Macroglossia and dyspnoea: precursor for cardiac amyloidosis
The present case has been reported in BMJ. A 58-year-old man presented with a chief complaint of tongue indentations and discomfort. Otolaryngology treated him for oral thrush with counselling to avoid tongue biting. In addition, the patient reported dyspnoea described as a decrease in tolerance of his physical activities.

Due to continued increase in tongue size and worsening dyspnoea, he underwent a tissue biopsy with findings consistent with amyloidosis. Further evaluation with a bone marrow biopsy revealed underlying multiple myeloma.

Echocardiography revealed abnormal ventricular wall thickness, with a reduced left ventricular chamber size, dilated atria and Doppler findings with restrictive filling patterns indicative of cardiac amyloidosis. The patient was initiated on chemotherapy for his multiple myeloma and supportive therapy for his cardiac amyloidosis.

Learning points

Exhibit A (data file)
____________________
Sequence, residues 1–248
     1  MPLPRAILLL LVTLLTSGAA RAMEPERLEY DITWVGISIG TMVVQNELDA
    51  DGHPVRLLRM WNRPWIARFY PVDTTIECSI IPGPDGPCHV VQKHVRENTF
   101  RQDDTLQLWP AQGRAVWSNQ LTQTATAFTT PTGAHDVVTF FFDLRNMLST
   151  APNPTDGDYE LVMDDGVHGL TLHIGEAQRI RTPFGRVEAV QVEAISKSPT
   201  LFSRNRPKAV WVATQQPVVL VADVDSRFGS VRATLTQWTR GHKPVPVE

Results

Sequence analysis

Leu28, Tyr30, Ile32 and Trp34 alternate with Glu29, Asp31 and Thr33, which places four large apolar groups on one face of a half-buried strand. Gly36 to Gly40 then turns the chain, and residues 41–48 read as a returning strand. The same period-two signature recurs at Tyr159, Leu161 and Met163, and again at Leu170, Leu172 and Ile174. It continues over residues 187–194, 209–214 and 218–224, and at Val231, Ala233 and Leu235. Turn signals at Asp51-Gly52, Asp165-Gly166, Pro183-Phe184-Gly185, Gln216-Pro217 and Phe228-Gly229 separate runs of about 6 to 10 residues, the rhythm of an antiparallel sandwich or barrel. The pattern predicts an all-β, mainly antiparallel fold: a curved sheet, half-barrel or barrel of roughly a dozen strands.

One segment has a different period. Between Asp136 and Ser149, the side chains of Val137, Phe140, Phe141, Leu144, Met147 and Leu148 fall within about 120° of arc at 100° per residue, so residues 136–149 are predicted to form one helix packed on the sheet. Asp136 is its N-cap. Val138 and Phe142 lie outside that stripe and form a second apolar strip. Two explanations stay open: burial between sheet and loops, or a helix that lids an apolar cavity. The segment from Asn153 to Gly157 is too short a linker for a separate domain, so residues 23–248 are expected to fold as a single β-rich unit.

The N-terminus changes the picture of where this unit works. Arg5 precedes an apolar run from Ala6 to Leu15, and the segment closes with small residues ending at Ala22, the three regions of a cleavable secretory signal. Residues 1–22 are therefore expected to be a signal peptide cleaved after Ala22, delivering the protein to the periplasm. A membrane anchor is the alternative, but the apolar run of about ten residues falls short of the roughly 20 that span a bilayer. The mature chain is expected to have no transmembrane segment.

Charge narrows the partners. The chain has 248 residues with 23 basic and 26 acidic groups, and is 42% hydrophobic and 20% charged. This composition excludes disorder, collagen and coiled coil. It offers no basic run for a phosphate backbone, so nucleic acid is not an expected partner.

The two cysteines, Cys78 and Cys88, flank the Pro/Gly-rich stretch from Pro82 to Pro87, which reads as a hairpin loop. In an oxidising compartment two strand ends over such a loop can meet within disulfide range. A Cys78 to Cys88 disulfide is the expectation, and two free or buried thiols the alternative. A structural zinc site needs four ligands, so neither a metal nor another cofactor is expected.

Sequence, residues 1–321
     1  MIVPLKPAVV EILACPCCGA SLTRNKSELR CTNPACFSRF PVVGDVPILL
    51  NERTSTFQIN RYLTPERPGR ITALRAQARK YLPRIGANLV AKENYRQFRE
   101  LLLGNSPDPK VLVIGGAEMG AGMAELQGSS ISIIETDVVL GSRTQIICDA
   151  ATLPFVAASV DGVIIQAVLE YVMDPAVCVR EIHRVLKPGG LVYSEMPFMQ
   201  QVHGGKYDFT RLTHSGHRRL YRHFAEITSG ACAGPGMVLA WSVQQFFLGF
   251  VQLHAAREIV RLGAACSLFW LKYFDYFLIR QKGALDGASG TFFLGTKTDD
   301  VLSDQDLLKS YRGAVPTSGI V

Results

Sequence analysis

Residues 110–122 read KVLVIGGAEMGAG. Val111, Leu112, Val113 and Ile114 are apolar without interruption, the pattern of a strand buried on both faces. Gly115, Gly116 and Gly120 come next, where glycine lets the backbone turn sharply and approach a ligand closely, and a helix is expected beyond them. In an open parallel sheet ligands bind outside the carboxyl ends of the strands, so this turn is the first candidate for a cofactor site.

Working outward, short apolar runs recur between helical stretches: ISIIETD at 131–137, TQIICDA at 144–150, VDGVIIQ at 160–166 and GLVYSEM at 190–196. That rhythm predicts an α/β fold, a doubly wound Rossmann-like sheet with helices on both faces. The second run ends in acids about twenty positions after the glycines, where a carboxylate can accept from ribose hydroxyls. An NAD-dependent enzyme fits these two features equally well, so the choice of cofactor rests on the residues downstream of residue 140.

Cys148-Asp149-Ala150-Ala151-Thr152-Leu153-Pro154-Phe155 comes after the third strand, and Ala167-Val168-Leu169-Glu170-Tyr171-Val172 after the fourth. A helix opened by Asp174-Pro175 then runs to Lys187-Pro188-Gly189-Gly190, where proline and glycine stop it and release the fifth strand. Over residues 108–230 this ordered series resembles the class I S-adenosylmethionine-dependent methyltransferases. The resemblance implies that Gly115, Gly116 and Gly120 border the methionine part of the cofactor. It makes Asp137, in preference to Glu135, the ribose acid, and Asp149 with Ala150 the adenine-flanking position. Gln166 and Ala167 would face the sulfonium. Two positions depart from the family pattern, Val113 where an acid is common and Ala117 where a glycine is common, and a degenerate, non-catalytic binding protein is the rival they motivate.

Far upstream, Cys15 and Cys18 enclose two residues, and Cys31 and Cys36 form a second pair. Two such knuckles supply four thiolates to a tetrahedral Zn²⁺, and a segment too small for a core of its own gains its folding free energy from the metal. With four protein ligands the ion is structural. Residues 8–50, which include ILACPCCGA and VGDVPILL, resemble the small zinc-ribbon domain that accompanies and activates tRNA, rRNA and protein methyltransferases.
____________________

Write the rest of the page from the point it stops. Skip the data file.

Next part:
• Any patient with overt macroglossia or lateral tongue indentation with or without associated periorbital bruise or plaque and symptoms of dyspnoea should be evaluated for AL cardiac amyloidosis.

• Cardiac amyloidosis with overt heart failure symptoms carries poor prognosis but the earlier it is diagnosed and treated, the better their prognosis.

• Identifying the precursor amyloid protein in amyloidosis is important because disease course and therapy differ among different forms of amyloid.

• Discrepancy observed on low voltage ECG with associated ventricular wall thickness on echocardiogram is highly suspicious for cardiac amyloidosis.

• Prophylactic cardiac defibrillator is not indicated in AL cardiac amyloidosis.

Read in detail about the case here: https://casereports.bmj.com/content/11/1/e225923
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Dr. R●●●●h V●●●●●●a
Dr. R●●●●h V●●●●●●a Interventional Cardiology
Cardiac amyloid , target sign on strain
Jan 8, 2019Like1